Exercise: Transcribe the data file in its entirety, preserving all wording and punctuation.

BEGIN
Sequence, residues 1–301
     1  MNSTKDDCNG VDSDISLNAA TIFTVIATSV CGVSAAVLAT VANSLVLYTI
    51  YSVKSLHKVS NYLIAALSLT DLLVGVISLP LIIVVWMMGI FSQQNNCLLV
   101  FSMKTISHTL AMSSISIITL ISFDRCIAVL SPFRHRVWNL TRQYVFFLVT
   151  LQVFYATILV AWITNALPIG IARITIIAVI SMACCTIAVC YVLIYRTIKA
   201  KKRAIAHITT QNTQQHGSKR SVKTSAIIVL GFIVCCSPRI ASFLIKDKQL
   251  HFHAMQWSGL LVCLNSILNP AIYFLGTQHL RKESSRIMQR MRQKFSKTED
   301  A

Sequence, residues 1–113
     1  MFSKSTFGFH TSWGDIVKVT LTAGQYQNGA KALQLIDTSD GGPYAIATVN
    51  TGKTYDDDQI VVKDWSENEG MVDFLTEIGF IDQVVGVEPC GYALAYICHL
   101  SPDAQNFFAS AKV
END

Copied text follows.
Sequence, residues 1–301
     1  MNSTKDDCNG VDSDISLNAA TIFTVIATSV CGVSAAVLAT VANSLVLYTI
    51  YSVKSLHKVS NYLIAALSLT DLLVGVISLP LIIVVWMMGI FSQQNNCLLV
   101  FSMKTISHTL AMSSISIITL ISFDRCIAVL SPFRHRVWNL TRQYVFFLVT
   151  LQVFYATILV AWITNALPIG IARITIIAVI SMACCTIAVC YVLIYRTIKA
   201  KKRAIAHITT QNTQQHGSKR SVKTSAIIVL GFIVCCSPRI ASFLIKDKQL
   251  HFHAMQWSGL LVCLNSILNP AIYFLGTQHL RKESSRIMQR MRQKFSKTED
   301  A

Sequence, residues 1–113
     1  MFSKSTFGFH TSWGDIVKVT LTAGQYQNGA KALQLIDTSD GGPYAIATVN
    51  TGKTYDDDQI VVKDWSENEG MVDFLTEIGF IDQVVGVEPC GYALAYICHL
   101  SPDAQNFFAS AKV